Faculty & Staff
Leadership & Policy
Tag: First-Generation College Students: Page 2
College Admissions is a Regressive Tax on Low-Income Students
Recently, federal prosecutors charged dozens of wealthy parents with bribing college officials to ensure entry for their children into some of America’s most elite colleges and universities. As infuriating as those headlines may be, they are simply the byproduct of a college admissions industrial complex that risks cementing our social and career hierarchy based upon the accomplishments of 17-year-olds.
April 3, 2019
Dr. Astrid S. Tuminez : Shaped by the Power of Education
Whether it is cheering on the Wolverines at sporting events, engaging with faculty during “Talk with Tuminez” broadcasts or recently updating a maternal leave policy to make Utah Valley University (UVU) more inclusive for women employees, Dr. Astrid S. Tuminez is redefining what it means to include, engage and achieve as the university’s seventh – and first woman – president.
March 22, 2019
Three CSU Institutions are Ranked Most Promising Places to Work in Student Affairs
Intentional diversity, a culture of constant improvement and a staff committed to meeting the needs of students and helping them succeed propelled three California State University campuses into the top rankings of the Most Promising Places to Work in Student Affairs in 2019.
March 11, 2019
UNCF Issues First Ever State of HBCUs Address, Launches HBCU Congressional Honor Roll
Institutional leaders, elected officials, advocates and other supporters of the nation’s historically Black colleges and universities (HBCUs) were in attendance Tuesday for the United Negro College Fund’s (UNCF) inaugural State of the HBCU Address, which put forth a comprehensive legislative agenda for Congressional members to further support HBCUs and their capacity to be engines of socioeconomic mobility for the students they serve.
March 5, 2019
IIE Summit Highlights the Importance of Study Abroad
Against a backdrop of young people who communicate in fewer words and more pictures, and with young people of color continuing to avoid study abroad more than their counterparts, about 600 educators, students and administrators came together Sunday through Tuesday to share ways to promote and boost global education.
February 20, 2019
CUNY School of Medicine Aims to Impact Health Care Disparities
The two-year-old City University of New York (CUNY) School of Medicine is the rare medical school with a student body that approaches the demographic diversity of the communities it seeks to serve.
February 19, 2019
Modeling Behavior And Fostering a Sense of Well-Being For First-Generation College Students
First-generation college students are frequently found in the margins of important collegiate experiences. Instead of being strategically ushered to the center, they often disappear, leaving school completely due to unpleasant experiences, unresponsive offices, as well as inattentive and inadequate support systems on- and off-campus. Navigating the terrain of higher education without built-in support systems can be treacherous. Their first-generation status is often used as a barometer of higher education retention, academic progression and graduation rates.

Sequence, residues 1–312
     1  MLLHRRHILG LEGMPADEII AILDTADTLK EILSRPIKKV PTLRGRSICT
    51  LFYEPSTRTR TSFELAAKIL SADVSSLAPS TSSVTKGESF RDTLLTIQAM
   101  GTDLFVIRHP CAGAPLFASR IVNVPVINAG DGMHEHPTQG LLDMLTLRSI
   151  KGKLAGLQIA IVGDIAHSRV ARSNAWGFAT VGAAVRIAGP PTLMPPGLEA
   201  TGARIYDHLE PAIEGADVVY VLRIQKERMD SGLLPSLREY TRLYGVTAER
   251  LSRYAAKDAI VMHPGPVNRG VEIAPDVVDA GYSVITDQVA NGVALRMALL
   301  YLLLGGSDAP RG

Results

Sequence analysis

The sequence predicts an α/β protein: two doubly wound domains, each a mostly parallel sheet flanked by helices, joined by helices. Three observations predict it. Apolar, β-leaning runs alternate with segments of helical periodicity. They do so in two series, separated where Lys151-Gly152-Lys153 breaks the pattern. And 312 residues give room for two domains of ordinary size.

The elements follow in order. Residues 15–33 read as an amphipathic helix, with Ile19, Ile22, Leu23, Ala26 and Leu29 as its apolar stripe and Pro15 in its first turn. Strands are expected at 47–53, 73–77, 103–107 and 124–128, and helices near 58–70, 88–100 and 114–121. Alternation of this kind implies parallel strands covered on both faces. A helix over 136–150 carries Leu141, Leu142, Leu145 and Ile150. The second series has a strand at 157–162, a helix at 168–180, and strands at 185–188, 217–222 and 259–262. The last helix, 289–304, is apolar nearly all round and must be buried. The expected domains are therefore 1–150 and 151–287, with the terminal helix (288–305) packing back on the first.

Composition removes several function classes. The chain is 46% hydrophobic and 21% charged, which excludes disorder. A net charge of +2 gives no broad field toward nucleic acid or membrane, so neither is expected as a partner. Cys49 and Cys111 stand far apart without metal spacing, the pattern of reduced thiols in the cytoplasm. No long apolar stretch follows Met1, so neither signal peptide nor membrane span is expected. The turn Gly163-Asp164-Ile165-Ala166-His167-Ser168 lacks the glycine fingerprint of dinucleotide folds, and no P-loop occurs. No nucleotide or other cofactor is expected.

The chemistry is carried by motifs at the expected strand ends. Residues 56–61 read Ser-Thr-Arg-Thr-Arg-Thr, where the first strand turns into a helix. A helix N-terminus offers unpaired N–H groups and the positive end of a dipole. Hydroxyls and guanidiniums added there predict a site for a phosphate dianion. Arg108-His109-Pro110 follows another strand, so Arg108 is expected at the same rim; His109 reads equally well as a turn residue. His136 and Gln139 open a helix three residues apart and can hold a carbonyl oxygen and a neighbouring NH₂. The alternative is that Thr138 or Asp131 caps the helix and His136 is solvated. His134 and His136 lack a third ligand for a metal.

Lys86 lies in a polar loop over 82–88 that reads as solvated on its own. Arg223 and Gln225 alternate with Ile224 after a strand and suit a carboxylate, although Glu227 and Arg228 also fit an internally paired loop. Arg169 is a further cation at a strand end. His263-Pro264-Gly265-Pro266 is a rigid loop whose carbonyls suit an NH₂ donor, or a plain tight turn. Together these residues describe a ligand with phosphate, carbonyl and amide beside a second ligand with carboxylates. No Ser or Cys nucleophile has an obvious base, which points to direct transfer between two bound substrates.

February 14, 2019
Pathways to Law School Program is Yielding Success Stories
Launched in 2014, the initiative aims to diversify the legal profession by targeting members of historically underrepresented populations, which make up sizeable segments of community college enrollment.
February 8, 2019
Sorority Life as an Act of Resistance
My expectations of life as a Black, college student in the 90’s were largely shaped by a TV show called “A Different World.” The show was set on the campus of the fictional Hillman College in Virginia. For the first time I saw a group of students on television who looked like me and whose background mirrored my own.
January 14, 2019
As a first-generation Mexican immigrant woman, who stands at just 5 feet tall, I knew navigating academe would be difficult. I immigrated to the United States when I was four years old with my parents and four siblings. Although my parents lacked formal education and had very limited English skills, they knew they had to apply to legalize our status through the Immigration Reform and Control Act of 1986.
January 11, 2019
‘The Best Dissertation is a Finished Dissertation’ Reconsidered
Throughout my time as doctoral student, there is one piece of advice that I keep hearing that is both reassuring and troubling to me — “the best dissertation is a finished dissertation.” At face value, I interpret that as advice to not overthink every decision I make about my dissertation, to let go of trying to achieve perfection, and to do my best to get it done. While I agree with all of this, I can’t help but wonder “what does that say about the way we approach our work?”
December 16, 2018
Scholar-Practitioner Finds His ‘Home’ in Residential Life
Growing up with 14 siblings in rural Nebraska, Dr. Jim Tweedy had his first taste of privacy while living in the dormitories and earning his bachelor’s degree in business administration at the University of Nebraska-Kearney.
December 11, 2018
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